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Myles Standish (c. 1584 - October 3, 1656), was an English-born professional soldier hired by the Pilgrims as military advisor for Plymouth colony. Arriving on the Mayflower, he worked on colonial defense. Later, he served as Plymouth's representative in England, and served as assistant to the governor and as the colony's treasurer. He was also one of the founders of the town of Duxbury, Massachusetts in 1632. He is best remembered through Henry Wadsworth Longfellow's The Courtship of Miles Standish. On February 17, 1621 he was appointed the first commander of Plymouth colony.
Myles Standish is often remembered for his bravery in battle and his reputation as the military captain of the Pilgrims.
Standish was born about 1584 (though some put his birth later around 1587). According to Nathaniel Morton writing in New Englands Memorial (1669), Myles was from Lancashire, England. In the 20th century, some researchers attempted to place his birth at Ellanbane, Isle of Man, rather than in Lancashire. This issue has been widely debated, even becoming the subject of a Wall Street Journal article in the Thanksgiving 2004 issue.
The Standish name was well known through out Northern England and there are many buildings still standing there today named for the Standish family. His alleged birth home, Standish Hall, was auctioned at the Empress Hall, Wigan in March 1921, failing to make a reserve price of £4,800. The remaining part of the Hall was finally demolished in 1982. The original ancestral home of the Standishes was Duxbury Hall, which is still standing today. The township of Standish was of importance during the Roman occupation of Britain; and the Standish family is known to have been there since the Norman Conquest. Present Day Duxbury Hall has been sold to strangers and is surrounded by the Wigan coal-field and with it the traffic of the Yorkshire Railways along with various factories that are busily in operation. The wealth of the territorial lords has largely increased while the male descendants of the Standishes of Standish Duxbury have died out.
In his family there was a conflict over religion starting about the time Myles was born. The Standishes of Standish were the older party, and were strong Catholics. The side Myles grew up on were the Duxburys, who used to be Catholics but now were strong Protestants.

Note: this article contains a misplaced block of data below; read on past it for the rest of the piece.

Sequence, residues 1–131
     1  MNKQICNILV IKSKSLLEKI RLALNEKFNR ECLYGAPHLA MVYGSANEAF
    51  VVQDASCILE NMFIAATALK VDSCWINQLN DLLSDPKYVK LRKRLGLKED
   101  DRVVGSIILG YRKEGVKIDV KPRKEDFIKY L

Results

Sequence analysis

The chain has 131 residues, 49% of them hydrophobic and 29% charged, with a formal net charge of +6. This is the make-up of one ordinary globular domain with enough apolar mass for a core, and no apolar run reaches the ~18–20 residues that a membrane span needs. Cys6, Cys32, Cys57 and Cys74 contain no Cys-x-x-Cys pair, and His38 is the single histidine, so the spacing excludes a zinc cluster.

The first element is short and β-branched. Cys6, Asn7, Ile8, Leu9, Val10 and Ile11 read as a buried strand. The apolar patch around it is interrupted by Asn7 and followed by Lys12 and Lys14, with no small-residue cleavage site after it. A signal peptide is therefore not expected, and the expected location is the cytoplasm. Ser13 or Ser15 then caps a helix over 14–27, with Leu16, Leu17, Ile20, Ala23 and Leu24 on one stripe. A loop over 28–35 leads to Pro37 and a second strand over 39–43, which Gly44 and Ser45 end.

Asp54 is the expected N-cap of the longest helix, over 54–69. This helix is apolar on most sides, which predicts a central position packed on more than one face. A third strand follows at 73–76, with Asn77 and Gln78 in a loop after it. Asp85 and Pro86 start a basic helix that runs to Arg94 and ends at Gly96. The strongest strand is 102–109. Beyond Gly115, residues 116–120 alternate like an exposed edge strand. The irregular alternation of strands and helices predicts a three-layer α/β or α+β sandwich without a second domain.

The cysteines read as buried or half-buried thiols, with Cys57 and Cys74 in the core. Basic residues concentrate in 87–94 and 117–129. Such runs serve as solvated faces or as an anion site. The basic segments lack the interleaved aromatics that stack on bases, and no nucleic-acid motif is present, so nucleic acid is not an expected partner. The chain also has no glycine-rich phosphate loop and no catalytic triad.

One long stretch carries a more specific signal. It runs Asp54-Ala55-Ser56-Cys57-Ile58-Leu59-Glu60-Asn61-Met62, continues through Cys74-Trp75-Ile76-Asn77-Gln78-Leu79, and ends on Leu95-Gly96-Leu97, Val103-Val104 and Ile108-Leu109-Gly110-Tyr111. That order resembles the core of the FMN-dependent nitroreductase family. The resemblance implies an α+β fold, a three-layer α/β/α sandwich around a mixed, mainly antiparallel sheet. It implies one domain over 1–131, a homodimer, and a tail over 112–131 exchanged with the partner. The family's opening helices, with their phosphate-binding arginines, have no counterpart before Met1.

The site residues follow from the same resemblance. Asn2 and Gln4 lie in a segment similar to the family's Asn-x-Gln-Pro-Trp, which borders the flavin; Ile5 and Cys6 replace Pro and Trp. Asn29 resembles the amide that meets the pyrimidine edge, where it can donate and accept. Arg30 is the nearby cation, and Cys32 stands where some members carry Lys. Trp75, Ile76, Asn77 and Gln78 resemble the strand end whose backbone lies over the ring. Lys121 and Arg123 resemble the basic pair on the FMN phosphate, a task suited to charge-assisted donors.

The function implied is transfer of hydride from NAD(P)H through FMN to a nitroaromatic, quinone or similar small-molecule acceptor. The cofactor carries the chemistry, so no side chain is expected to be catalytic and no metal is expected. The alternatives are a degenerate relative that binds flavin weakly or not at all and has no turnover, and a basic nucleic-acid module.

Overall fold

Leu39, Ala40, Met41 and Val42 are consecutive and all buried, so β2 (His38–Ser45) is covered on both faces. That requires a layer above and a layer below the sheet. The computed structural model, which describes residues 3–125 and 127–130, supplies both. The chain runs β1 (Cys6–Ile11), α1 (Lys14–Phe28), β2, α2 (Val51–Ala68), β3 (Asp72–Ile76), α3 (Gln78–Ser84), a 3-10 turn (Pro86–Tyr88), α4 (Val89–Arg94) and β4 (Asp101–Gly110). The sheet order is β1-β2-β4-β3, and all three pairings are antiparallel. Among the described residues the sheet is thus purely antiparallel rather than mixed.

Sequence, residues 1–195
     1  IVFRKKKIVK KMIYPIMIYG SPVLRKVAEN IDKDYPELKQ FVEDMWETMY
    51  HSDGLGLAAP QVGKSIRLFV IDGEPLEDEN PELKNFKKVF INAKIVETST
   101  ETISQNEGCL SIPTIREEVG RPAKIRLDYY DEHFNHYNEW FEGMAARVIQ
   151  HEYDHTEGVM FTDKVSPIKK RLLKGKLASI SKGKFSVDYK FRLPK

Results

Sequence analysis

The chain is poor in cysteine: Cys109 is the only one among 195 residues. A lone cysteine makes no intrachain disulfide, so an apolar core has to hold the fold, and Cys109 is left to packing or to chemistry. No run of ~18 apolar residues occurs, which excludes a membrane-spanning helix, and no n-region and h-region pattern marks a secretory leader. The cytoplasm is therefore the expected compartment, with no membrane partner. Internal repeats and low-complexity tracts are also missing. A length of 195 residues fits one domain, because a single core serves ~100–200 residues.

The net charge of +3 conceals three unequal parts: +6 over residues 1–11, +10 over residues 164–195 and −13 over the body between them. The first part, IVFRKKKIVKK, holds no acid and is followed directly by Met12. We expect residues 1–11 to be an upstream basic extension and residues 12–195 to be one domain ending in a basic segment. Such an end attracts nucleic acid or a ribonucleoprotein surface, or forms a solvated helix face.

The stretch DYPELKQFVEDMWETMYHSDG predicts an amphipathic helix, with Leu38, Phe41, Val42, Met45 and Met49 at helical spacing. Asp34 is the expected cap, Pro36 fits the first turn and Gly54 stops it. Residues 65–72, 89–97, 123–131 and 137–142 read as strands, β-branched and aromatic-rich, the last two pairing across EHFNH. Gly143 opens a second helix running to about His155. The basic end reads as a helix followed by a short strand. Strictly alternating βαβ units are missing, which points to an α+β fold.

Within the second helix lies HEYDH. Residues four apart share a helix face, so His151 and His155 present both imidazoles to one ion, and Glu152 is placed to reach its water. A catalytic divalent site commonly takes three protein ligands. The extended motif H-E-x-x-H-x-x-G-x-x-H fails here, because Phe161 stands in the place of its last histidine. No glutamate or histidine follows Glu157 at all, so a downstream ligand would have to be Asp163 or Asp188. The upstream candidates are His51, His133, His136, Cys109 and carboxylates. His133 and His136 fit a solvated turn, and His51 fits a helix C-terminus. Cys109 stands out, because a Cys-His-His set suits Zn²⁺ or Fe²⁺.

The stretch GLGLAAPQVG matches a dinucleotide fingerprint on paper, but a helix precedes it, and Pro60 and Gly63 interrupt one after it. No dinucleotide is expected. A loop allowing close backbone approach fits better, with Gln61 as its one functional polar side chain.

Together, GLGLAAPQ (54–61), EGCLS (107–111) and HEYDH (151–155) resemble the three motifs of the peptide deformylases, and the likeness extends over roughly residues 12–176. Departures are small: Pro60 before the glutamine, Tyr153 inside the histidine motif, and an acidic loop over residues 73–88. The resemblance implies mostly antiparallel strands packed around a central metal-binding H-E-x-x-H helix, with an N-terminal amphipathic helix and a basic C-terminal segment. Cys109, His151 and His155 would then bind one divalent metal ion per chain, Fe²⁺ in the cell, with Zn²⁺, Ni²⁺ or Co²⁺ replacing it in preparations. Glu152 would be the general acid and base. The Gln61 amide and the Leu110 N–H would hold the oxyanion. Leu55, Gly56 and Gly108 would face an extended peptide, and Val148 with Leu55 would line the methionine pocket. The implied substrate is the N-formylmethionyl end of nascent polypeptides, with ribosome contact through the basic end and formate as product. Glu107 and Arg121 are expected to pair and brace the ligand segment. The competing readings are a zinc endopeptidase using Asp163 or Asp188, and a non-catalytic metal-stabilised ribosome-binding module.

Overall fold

History is unclear as the reason for Myles not receiving his portion of the family inheritance, but recent research by Helen Moorwood (Lancashire History Quarterly) suggests that it could have been due to confiscation by a more powerful neighbor during the English Civil War.
Myles started his military career as a drummer, and eventually worked his way up and into the Low Countries (Holland), where English troops under Heratio Vere had been stationed to help the Dutch in their war with Spain. It was certainly here that he made acquaintance with the Pilgrims at Leyden, and came into good standing with the Pilgrims pastor John Robinson. Standish was eventually hired by them to be their Military Captain.
After the Pilgrims hired Standish as Military Captain for the voyage to America he was soon to be one of the members to sign the Mayflower Compact at Cape Cod November 11,1620. After the voyage, Standish was elected Military Captain of the colony by the leadership of the Pilgrims.
Soon after arriving at Plymouth the first illness struck the Pilgrims and this sickness took his wife Rose’s life, on January 29, 1621; Myles and Rose had no children together. In 1623, a woman named Barbara came to Plymouth on the ship Anne, and Myles married her that same year. Myles and Barbara had seven children together. They were Charles (died young), Alexander, John, Myles, Lora, Josiah, and Charles.
Through all the continued sickness Standish was one of the seven that did not get sick; William Bradford quoted, “ But that was most sad and lamentable was, that in two or three months’ time half of their company died, especially in January and February…So as their died some times two or three of a day in the foresaid time, that 100 and odd persons, scarce fifty remained. And of these, in the time of most distress, there was but six or seven sound persons who to their great commendation, be it spoken, spared no pains night or day, but with abundance of toil and hazard of their own health, fetched them wood, made them fires, dressed their meat, made their beds, washed their clothes clothed and unclothed them… Two of these seven were Mr. William Brewster, their reverend Elder, and Myles Standish, their captain and military commander, unto whom myself and many others were much beholden in our low and sick condition.”